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Old 01-19-2008, 01:20 AM
 
Location: Toronto
215 posts, read 1,544,143 times
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Here in Toronto we have a pretty major "Grid Glitch" as I like to call it. We have a nice grid system of major roads, but there is a major break in it. I dont mean at the old municipal borders, where the road has to swing out this or that way 100 meters or more, because you can still make the connection, but I'm talking about between Eglinton and St.Clair.

These two major east-west streets are about 2km apart, and between them is a number of roadblocks. In the east, St.Clair hits lake Ontario. It's only a short jaunt from here to the Don River. The north-south connections in this area are very well done, however, due to Lake Ontario, any travel to downtown would have to be done though the east-west portion of the city south of old East York. This part of the city lacks a freeway and has older 4-lane roads that have Streetcars running in mixed-traffic, and is hardly an option for a fast commute.

In the west, St.Clair hits the humber river. Beyond the river the grid is complete, but south of here the grid connections are troublesome, with only three good connections (Bloor, Dundas, and "The Spine") This boxes in the area containing Downtown, and separates it from the area where most of the people live.

Back to the don river, which despite normally running north-south, takes a rather inconvenient turn west and runs where St.Clair should be. There are only two north-south bridges across the river, and one of them empties onto an east-west street. The other empties into two 4-lane old roads. By the time you get to the end of the don river you find your first real and true north-south connector. Bayview. Problem? It runs far to the east of downtown. People still tend to use this route as a fast by-pass of other roads in the area, however.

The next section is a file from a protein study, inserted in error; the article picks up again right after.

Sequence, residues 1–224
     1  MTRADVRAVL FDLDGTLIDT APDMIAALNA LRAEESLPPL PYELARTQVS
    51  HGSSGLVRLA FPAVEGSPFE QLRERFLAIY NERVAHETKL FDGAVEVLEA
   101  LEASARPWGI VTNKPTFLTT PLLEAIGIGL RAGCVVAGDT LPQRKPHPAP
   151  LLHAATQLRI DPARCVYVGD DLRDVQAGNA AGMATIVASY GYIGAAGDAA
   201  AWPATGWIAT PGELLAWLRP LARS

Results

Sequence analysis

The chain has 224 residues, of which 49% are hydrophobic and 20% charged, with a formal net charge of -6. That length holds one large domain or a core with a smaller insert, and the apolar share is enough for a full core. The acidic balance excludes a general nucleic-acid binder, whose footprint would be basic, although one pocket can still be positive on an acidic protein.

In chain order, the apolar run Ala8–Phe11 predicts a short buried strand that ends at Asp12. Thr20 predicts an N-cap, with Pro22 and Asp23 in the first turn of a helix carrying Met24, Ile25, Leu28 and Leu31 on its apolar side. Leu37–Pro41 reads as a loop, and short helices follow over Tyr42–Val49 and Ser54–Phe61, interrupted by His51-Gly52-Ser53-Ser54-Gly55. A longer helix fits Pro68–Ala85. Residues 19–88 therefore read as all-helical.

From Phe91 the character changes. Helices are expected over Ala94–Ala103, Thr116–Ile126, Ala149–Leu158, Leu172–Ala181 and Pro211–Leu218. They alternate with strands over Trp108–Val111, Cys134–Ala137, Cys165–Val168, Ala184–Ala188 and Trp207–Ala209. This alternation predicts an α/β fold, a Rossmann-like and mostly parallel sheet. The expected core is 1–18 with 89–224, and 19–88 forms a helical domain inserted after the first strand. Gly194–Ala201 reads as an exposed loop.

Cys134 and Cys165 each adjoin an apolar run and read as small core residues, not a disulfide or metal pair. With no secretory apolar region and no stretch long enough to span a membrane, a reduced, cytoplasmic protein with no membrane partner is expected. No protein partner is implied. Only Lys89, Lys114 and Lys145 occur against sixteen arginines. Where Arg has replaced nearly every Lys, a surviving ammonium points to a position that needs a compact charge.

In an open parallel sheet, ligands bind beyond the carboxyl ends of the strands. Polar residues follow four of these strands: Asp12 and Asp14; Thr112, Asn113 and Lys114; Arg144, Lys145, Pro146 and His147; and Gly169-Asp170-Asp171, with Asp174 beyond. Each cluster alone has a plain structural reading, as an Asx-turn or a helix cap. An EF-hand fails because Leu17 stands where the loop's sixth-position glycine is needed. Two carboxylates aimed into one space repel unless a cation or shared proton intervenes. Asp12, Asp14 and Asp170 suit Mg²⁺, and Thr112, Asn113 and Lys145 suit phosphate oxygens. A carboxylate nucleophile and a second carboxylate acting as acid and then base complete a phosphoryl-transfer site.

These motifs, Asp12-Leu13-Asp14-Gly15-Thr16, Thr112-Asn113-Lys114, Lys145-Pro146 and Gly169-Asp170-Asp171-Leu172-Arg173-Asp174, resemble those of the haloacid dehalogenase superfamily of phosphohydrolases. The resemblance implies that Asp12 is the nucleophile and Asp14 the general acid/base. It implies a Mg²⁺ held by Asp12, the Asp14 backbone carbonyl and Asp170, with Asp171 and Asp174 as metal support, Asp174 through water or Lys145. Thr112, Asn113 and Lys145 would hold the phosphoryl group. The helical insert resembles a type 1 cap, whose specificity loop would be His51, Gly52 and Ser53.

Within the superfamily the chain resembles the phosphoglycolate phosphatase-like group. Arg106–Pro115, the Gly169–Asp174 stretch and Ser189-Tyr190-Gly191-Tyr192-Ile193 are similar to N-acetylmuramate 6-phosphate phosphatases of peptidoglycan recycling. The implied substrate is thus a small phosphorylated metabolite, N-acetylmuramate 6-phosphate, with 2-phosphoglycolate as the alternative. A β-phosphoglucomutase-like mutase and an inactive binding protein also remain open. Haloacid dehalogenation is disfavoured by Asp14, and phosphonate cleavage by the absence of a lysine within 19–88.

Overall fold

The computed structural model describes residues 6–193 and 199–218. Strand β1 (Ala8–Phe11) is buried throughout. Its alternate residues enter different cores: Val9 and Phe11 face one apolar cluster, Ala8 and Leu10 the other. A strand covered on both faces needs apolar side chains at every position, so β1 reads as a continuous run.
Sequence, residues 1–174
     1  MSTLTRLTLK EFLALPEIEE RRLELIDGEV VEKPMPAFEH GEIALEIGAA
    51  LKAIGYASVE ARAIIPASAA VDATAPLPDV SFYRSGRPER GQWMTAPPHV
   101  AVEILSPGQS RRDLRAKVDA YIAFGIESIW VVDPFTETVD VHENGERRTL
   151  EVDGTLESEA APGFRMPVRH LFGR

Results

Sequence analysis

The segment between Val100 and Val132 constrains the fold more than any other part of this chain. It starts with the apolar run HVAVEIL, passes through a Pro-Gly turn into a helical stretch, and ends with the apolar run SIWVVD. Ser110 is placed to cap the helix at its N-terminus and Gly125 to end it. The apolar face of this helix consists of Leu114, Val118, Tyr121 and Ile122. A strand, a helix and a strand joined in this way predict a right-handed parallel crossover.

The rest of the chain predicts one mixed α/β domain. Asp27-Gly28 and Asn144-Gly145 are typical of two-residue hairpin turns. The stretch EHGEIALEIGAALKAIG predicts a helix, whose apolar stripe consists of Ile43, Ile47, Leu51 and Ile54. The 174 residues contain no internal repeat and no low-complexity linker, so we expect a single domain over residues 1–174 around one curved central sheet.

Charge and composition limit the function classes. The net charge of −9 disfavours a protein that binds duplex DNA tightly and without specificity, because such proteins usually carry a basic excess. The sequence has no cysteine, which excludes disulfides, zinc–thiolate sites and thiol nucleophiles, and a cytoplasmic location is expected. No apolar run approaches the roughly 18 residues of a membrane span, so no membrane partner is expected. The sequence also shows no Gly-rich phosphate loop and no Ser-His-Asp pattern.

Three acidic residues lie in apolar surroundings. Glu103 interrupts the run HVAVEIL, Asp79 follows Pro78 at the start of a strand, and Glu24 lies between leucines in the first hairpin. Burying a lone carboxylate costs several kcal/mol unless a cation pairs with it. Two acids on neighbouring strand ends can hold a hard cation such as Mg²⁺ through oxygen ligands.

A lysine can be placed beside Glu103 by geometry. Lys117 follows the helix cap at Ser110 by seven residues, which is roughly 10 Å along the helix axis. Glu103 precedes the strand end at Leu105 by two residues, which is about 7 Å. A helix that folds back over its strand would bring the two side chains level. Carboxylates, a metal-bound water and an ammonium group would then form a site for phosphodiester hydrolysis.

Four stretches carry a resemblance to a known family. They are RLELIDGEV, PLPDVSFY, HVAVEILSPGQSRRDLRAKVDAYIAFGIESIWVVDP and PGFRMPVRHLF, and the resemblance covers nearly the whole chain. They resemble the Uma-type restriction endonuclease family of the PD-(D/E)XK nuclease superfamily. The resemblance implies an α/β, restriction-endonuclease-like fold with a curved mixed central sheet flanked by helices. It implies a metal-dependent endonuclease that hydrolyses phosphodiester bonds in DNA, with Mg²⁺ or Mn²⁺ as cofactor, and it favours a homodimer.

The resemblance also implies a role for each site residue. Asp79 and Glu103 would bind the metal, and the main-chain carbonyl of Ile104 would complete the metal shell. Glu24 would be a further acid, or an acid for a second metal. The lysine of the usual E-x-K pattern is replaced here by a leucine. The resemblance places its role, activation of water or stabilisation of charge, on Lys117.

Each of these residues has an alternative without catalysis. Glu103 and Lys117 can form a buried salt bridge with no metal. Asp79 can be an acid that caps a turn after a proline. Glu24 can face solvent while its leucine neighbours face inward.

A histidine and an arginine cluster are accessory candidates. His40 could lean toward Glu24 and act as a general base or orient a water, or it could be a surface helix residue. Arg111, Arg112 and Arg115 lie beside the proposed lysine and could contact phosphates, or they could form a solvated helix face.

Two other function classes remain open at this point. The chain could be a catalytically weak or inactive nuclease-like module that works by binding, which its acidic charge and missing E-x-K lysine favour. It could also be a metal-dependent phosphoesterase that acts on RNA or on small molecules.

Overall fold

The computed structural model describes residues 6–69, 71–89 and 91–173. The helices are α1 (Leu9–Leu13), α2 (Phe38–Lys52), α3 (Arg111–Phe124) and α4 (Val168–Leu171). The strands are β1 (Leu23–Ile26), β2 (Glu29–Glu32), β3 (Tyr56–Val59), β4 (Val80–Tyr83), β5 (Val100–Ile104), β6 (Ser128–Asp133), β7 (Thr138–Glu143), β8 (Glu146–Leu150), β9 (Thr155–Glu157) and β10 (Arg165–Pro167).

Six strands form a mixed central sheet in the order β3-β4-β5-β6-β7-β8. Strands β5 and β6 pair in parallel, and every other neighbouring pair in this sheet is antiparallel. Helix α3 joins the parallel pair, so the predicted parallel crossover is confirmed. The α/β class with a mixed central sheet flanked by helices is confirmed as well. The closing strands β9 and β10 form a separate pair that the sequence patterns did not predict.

Next is Yonge St. the centre of Toronto. It runs straight though, but is a 4 lane road with many stop lights. Next is Avenue, which does not run straight though. Someone thought it'd be a great idea to put a College right where Avenue should do, and hence you have to drive around it, and it's not a simple easy drive either. Beyond Avenue you have Bathurst, which dare I say is the best connection of all. Even though it's a 4-lane street, there are few lights though the area, and very little parking on the curb. Beyond Bathurst, you have streets like Oakwood, which represent part of a broken grid with streets like Ossington. The next big connection is Dufferin, which would be fine and dandy even though it is west of the core, but this street tends to have much parking, and has buses running every 2 minutes and 30 seconds on average. After Dufferin you get another grid-break at places like Lansdowne and Caledonia, and then Keele, and Weston, before finally getting to Jane, another road with very often buses, that is far to the west of the core.

Google Maps shows this well here:
Google Maps

I suppose what I'm asking is if anyone knows of other canadian cities with such major glitches in their road grid?
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